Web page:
The first one – 6185-8020 (catalogue code 6185 030) – actually is making its fourth catalogue appearance, having debuted in the 1969 Special Luxury Catalogue, and then appearing in both the second volume, and Special Luxury Catalogue of 1970. Why it was dropped for the 1971 volume 1 catalogue will probably forever remain a mystery.

The second VFA – confusingly with the same 6185-8020 movement-case code (catalogue code 6185 050) – is making just its second appearance, having debuted in the 1970 Special Luxury Catalogue.

Neither reference would appear in a catalogue again.

Of the four “Specials” accompanying the VFA’s on page 1 of the catalogue, all but the one pictured on the lower left of the page were introduced in the previous catalogue. The watch pictured, with a movement-case reference of 6156-8000, identical to the watch next to it except for the fact it is offered on a stainless steel bracelet for a premium of 3,000 Yen.

5646-7010 on bracelet

Just a single reference on page two of the catalogue is “new”, being the 5646-7010 – first offered in the 1970 volume 2 supplemental catalogue on a leather strap – now available with a steel bracelet. Again, as with the Special on the previous page, the additional cost to for the bracelet was 3,000 Yen. On a leather strap, the 5646-7010 is almost certainly the most commonly found vintage Grand Seiko reference today, but it is extremely rare to come across one that retains its bracelet.

It’s worth reflecting before we move on that the four watches detailed above aren’t strictly speaking new additions to the range – the VFA’s appeared in previous catalogues, and the Special and the 5646-7010 are watches that we have seen before, but that are for the first time being offered on a bracelet.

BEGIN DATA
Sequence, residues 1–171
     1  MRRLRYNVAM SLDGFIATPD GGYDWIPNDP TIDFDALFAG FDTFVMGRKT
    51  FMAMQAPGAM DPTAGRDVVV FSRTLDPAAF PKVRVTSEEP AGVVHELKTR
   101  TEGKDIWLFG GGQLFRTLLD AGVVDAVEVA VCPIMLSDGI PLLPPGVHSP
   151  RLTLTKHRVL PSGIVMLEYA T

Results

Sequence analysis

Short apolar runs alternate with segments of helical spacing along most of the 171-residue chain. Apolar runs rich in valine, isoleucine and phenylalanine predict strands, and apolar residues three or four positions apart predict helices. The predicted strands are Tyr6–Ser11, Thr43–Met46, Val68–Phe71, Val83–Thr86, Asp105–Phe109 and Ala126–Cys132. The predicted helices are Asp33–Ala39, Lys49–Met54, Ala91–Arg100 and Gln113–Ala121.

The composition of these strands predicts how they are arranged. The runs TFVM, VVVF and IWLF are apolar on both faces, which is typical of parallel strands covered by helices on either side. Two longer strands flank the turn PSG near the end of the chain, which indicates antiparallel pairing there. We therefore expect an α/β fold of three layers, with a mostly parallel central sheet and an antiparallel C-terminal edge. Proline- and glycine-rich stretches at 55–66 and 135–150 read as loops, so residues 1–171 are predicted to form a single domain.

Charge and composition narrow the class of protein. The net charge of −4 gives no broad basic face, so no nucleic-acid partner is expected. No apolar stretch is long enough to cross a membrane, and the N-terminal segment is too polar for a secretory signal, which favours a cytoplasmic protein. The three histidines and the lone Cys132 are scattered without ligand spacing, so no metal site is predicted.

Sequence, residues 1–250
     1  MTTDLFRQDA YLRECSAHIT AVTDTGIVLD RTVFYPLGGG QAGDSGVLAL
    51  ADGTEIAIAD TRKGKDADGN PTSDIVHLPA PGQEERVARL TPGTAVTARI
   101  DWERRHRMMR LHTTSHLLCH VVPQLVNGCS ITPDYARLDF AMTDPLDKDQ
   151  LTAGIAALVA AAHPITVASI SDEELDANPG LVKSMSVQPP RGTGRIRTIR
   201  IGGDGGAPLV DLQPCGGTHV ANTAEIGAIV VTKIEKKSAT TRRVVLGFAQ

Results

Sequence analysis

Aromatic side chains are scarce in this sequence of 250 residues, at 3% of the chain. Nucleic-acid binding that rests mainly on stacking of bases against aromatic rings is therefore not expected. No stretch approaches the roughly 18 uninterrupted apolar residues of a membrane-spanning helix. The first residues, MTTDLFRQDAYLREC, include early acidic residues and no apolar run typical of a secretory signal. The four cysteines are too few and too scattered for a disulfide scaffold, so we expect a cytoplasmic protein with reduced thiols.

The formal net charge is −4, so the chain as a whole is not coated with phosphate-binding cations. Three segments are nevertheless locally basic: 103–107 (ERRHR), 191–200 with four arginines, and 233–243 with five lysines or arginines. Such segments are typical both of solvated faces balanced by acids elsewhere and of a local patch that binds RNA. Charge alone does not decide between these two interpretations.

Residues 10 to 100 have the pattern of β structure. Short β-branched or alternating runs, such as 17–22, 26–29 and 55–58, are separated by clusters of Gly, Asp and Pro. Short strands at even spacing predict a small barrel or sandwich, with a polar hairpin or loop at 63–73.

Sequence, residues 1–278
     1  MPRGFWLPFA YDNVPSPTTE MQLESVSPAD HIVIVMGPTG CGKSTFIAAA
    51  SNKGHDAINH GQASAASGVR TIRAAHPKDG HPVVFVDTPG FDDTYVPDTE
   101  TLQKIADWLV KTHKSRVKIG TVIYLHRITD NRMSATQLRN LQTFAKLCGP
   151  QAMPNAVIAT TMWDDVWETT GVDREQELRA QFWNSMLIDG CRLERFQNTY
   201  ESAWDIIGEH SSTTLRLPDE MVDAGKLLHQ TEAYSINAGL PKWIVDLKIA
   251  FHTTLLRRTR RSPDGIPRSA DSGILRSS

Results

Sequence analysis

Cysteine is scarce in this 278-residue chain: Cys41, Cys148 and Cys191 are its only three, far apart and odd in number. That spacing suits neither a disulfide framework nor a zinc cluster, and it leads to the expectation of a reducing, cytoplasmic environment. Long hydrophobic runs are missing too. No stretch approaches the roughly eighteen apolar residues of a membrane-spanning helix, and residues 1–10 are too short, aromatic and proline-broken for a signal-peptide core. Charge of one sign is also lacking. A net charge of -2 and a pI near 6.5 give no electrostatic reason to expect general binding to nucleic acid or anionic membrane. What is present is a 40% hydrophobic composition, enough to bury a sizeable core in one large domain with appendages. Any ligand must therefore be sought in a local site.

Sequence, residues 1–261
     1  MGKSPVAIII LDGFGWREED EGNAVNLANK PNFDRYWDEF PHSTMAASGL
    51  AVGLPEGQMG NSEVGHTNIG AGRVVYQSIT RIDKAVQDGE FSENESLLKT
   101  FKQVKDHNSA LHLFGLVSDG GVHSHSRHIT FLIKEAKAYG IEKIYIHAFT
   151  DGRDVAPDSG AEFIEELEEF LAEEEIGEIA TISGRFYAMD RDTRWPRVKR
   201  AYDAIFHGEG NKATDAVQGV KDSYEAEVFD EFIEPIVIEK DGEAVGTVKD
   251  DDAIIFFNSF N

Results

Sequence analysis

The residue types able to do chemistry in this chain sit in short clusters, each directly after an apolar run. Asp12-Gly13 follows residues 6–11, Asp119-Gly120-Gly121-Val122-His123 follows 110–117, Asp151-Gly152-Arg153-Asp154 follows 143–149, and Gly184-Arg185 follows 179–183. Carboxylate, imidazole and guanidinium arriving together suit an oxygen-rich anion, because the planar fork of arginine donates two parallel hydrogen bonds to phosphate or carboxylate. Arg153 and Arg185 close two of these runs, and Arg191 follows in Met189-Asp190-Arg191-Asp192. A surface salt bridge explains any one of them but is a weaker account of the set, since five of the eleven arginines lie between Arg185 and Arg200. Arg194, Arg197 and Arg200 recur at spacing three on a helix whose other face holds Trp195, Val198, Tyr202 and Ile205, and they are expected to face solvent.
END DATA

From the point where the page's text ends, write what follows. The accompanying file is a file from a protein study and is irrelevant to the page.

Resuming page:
5641-7005, 5641-7000

It’s not until we turn to page four that we finally come across what can be regarded as truly new references.

For the first time in the history of the vintage Grand Seiko era we are presented with watches that are based on an automatic time-only caliber. The 5641-7005 (solid 18K gold case) and 5641-7000 (brushed stainless steel case) are two of the three references that would use the 5641 caliber.

The alert reader would have noticed that we have seen this case design before. It is interesting to note that this case design is the only one ever used that was available with time only, date, and day-date movements in the vintage Grand Seiko range – not to mention in both steel and 18K gold variants. It seems a shame that the layout designers of the catalogue didn’t choose to show all six watches together on the same page!

The final two new references featured in this catalogue are cap gold cased variants of existing watches from the 45GS series.

4520-7000 (cap gold case), 4522-7000 (cap gold case)

Retaining the same movement-case codes as their blue and white dialed steel-cased equivalents, the time only 4520-7000 (catalogue code 45GS 020) and date 4522-7000 (catalogue code 45GSC 020) are strikingly designed watches with cap gold cases. Sadly, they are very hard to find in good condition these days – presumably they were not particularly popular designs at the time, and many seem to have had very tough lives since. This is the only catalogue in which they are to be found.

As mentioned at the top of this article, this was the final catalogue from Seiko to feature Grand Seikos at the front. From 1972 through to 1975, we will see a rapid decline in the number of Grand Seiko watches in the range as quartz starts to take over. But next up, one more catalogue from 1971…

Gallery

In the gallery below we present scans of the front cover and pages one to six of the Seiko 1971 catalogue volume 2.